‘Minor Wiring Issue’ Causes Latest 50 Bridge Breakdown

‘Minor Wiring Issue’ Causes Latest 50 Bridge Breakdown
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OCEAN CITY — Motorists got a brief flashback to last summer over the weekend when the Route 50 drawbridge became stuck in the open position.

Around 9:30 a.m. last Saturday, the drawbridge on the Harry Kelley Memorial Bridge, or the Route 50 Bridge, was stuck in the open position, blocking traffic from entering or leaving the downtown Ocean City area. State Highway Administration (SHA) officials quickly got the word out and traffic was rerouted.

According to SHA Media Relations Manager David Buck, the bridge malfunctioned for about 18 minutes before personnel were able to lower the draw span. The ensuing investigation revealed the malfunction was related to a minor electrical issue and not the same problem with the drawbridge’s structure that caused it to be stuck in the open position for about five hours on a busy Saturday evening last July.

“Our contractor, Covington, came down to check it out later in the day and found nothing wrong,” he said. “We have not had issues since. It appears to have been some type of very minor wiring issue with nothing further found.”

Around 3 p.m. on Saturday, July 26, the drawbridge got stuck in the up position following a routine opening and closing. The malfunctioning bridge almost immediately caused heavy resort traffic on a bust Saturday afternoon in late July to back up along Route 50 and the dominoes toppled backward as motorists attempted to find alternative routes into the resort, essentially causing gridlock across much of northern Worcester County.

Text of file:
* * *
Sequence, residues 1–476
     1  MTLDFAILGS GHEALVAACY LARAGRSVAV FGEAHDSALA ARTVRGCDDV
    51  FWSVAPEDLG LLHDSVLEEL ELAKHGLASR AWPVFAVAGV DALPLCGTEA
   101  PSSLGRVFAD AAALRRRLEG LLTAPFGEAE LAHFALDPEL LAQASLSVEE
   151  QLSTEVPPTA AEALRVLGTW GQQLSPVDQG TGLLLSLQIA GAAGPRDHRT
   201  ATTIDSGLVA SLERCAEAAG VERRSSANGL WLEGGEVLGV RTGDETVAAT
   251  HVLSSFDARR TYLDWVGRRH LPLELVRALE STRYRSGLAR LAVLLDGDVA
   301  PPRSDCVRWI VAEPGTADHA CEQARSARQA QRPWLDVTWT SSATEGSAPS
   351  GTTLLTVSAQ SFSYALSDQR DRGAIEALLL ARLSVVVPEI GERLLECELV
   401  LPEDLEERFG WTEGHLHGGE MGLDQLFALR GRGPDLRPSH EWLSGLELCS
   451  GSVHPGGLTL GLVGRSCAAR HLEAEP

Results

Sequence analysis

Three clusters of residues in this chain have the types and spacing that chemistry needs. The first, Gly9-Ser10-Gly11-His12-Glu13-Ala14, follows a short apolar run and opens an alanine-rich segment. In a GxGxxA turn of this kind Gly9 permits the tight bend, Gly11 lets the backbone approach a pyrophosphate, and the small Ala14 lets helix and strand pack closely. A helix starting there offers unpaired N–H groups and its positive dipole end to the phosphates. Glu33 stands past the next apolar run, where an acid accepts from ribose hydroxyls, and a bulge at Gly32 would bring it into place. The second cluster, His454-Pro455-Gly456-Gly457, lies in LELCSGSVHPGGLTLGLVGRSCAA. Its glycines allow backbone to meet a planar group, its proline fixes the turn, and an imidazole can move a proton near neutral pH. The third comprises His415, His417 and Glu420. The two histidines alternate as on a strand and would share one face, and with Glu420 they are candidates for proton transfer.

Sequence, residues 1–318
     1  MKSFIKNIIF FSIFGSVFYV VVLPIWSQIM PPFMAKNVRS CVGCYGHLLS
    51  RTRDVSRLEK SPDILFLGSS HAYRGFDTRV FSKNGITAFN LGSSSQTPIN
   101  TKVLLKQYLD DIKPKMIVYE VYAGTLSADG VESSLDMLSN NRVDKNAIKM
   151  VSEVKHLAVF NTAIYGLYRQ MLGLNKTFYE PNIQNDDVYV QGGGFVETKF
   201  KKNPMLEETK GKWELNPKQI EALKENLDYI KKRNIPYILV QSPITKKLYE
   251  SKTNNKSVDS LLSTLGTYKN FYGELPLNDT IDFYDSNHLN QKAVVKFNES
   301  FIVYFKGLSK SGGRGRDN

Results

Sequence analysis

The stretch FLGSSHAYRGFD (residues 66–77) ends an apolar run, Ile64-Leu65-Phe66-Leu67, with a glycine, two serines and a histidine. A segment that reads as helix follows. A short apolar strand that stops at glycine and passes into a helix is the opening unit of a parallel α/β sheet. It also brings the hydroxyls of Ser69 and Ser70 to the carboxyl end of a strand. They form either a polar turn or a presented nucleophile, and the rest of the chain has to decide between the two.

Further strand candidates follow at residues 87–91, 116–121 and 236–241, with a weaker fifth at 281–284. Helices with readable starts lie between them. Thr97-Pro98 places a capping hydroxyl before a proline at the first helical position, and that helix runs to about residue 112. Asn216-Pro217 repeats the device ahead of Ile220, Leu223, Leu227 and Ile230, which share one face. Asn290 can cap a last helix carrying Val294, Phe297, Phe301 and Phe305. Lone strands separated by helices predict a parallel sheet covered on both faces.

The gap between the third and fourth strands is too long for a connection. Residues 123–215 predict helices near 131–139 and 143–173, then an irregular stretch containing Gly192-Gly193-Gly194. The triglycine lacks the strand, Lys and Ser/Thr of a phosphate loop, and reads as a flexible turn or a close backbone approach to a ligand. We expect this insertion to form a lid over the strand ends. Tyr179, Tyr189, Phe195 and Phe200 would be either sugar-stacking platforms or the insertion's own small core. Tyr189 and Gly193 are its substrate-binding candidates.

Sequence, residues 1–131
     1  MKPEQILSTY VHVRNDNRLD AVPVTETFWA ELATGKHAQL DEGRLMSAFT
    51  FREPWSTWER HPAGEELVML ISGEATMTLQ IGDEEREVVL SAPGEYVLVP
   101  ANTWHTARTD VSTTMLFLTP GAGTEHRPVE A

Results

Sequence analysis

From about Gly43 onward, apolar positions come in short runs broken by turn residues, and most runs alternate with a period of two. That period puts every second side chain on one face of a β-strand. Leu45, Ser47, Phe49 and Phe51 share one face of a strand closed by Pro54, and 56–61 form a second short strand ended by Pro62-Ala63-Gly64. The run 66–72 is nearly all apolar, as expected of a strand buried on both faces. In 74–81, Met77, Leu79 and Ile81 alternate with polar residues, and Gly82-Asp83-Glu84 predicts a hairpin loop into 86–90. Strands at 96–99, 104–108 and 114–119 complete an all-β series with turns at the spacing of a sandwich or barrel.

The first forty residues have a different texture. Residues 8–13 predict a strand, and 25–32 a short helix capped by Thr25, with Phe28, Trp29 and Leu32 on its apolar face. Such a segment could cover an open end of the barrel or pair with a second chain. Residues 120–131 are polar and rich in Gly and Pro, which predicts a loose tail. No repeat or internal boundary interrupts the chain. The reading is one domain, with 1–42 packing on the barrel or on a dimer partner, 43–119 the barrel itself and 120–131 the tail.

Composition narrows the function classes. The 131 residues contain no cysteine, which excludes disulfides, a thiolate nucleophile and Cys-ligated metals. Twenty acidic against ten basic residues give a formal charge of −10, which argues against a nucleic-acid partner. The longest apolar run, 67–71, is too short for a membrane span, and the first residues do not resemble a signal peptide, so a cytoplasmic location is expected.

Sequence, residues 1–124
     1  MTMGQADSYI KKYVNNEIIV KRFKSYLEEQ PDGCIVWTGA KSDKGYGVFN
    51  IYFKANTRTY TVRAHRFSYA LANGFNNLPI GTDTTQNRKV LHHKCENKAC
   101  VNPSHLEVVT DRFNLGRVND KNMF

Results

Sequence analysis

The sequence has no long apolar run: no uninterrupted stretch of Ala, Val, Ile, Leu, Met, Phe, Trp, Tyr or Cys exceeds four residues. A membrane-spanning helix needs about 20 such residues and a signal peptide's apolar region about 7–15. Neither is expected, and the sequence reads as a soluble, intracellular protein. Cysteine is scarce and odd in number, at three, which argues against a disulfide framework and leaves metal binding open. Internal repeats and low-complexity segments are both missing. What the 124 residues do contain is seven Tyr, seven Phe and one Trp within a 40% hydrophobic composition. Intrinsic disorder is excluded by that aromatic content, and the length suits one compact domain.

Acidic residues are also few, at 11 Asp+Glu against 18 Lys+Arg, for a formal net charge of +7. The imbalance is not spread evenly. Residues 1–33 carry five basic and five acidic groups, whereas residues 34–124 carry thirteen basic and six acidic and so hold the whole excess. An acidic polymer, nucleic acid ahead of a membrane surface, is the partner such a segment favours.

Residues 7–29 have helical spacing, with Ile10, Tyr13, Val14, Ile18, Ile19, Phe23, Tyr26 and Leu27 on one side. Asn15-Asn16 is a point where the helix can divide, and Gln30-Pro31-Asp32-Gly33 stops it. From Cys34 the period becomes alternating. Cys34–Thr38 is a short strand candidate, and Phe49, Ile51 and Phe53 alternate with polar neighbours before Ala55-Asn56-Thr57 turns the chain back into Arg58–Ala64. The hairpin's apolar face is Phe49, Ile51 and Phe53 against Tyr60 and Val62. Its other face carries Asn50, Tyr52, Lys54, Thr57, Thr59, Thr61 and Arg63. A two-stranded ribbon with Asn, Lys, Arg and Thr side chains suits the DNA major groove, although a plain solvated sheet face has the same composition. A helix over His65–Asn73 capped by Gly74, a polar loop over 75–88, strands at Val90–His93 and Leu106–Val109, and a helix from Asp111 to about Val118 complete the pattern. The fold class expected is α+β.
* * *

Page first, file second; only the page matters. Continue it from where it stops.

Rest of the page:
The bridge remained stuck in the open position for about five hours until the decision was made to hand-crank the bridge into the closed position to begin allowing vehicles to access the bridge in and out of the resort. SHA’s engineers determined the problem was caused by a cracked mount on the drawbridge’s drive shaft that would not allow the span to be lowered completely.

The bridge was fixed temporarily and worked throughout the rest of the summer and fall, but a long-term fix is needed and that will likely occur soon. Crews are currently taking measurements and fabricating the necessary pieces for the repair, which could begin within the next two weeks.

Meanwhile, motorists accessing the bridge could encounter some disruption to normal traffic flow next week. SHA will be performing routine maintenance on the bridge next Wednesday and Thursday from 9 a.m. to 3 p.m. each day. During the project, test openings should not last longer than a normal bridge opening. The work will include testing gear oil and checking operating systems and is not part of the large repair project planned for the span.